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Are 3D Printed Homes Safe By Modern Standards?

Living room of a 3D printed house


3D printing technology has become a staple in many aspects of modern production, including the construction industry. Homes that once took months or years to build are easily constructed using 3D printers in mere days or weeks, and though these properties are not considered the norm yet, it is likely that in the years to follow, their versatility will only increase homeowners’ willingness to move into these modern dwellings.

April 30, 2021 marks a milestone for 3D printing worldwide as the first time occupants have moved inside of a 3D printed property. Though highly practical, modern, and efficient, many still pose the question, are 3D printed homes safe?

3D Printed Homes Reportedly Safer Than Traditional Options

Many sources and builders alike have made claims that 3D printed homes aren’t just safer, but more durable and last longer than traditional built dwellings. They are carefully constructed with climate control, natural disasters, and inclement weather conditions in mind during the planning process. 

The question of safety standards is easily traced back to 2014. In China, a printing architecture firm by the name of Winsun, planned and erected the first functioning 6-story apartment building while also making frontpage news that they have managed to print 10 functional homes in just one day. As of the year 2020, this same company has made claims that they have constructed at least 15 houses with fully functioning interiors. However, the question many ask is whether these same buildings are safe?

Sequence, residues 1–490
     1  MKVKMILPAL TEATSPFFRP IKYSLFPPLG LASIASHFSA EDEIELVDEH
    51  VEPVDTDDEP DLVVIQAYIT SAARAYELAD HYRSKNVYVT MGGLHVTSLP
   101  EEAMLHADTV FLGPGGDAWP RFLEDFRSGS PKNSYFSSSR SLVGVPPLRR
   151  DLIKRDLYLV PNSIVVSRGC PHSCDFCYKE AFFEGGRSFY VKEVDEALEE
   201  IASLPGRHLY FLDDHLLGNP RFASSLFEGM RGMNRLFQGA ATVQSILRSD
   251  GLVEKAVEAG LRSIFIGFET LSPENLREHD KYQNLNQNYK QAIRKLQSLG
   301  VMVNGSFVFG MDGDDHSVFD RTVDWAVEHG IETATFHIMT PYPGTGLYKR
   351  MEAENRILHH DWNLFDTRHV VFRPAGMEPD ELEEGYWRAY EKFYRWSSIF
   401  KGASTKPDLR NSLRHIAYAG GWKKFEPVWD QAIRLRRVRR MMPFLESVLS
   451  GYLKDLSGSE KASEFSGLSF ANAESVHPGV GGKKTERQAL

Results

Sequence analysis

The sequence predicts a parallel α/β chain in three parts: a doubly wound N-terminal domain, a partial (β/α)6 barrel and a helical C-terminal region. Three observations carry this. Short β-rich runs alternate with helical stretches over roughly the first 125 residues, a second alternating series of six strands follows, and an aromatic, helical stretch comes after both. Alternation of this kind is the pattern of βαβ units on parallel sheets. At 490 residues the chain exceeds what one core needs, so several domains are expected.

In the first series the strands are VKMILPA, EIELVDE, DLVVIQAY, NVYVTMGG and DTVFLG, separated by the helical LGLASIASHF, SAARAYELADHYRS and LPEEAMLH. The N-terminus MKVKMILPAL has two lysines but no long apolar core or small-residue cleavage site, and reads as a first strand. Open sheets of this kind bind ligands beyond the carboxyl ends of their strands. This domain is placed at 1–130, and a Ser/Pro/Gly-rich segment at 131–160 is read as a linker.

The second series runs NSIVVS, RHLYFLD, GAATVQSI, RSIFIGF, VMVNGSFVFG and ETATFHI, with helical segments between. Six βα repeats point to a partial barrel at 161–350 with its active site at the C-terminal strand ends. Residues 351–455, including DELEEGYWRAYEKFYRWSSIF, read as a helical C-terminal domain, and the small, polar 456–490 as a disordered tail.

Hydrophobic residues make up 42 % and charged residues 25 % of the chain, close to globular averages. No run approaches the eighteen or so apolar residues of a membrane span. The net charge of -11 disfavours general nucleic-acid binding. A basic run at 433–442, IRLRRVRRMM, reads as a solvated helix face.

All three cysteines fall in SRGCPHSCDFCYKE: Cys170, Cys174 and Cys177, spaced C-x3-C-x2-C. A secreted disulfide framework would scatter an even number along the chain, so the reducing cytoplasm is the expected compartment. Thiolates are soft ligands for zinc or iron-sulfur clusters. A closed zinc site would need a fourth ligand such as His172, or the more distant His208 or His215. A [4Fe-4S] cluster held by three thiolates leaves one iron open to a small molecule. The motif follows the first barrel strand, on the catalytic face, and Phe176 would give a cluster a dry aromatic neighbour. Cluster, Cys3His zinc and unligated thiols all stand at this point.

As B&R property management company explains, each 3D printed property is constructed from eco-friendly yet highly durable materials that are guaranteed to remain twice as strong as traditional concrete and wood. Namely, these materials are sand as well as construction rubble from other projects. The printer can form these materials into something wholly durable and fully recyclable.

 Bedroom of a 3D printed house

No Building Codes Exist As Of Yet

One of the biggest pitfalls of 3D-printed homes is that there are no set standard building codes or procedures that manufacturers must adhere to. That means many of the purportedly safe printed dwellings aren’t ready to receive their first occupants. The government must make it a priority to establish guidelines for the plumbing, electrical, structural integrity, and overall safety of these modern properties. Unfortunately, 3D-printed homes are hardly a viable alternative to traditional homes without government regulations.

Though the Chinese company, Winsun, has purportedly manufactured many such homes, they do not allow for insight into their building processes. This also means that the safety of their construction projects is forever called into question and their properties remain unoccupied as of right now.

The Longevity Of 3D Printed Homes

Traditional homes can last up to 100 years or more with proper maintenance, and as few as 20 or 30 years without maintenance. Most companies that currently print homes using 3D technology claim that their properties can for certain survive up to 60 years as long as they are maintained and constantly occupied.

The integrity of the manufactured homes also depends on the materials used. Many companies opt for concrete-based mixes, however, if timber frames are also incorporated into buildings, it can significantly decrease their safety and longevity.

The Conclusion

Though highly creative, affordable, and environmentally conscious, the lack of established safety standards call into question the integrity of 3D-printed homes. They are ideal short-term dwellings, but whether they truly stand the test of time remains to be seen.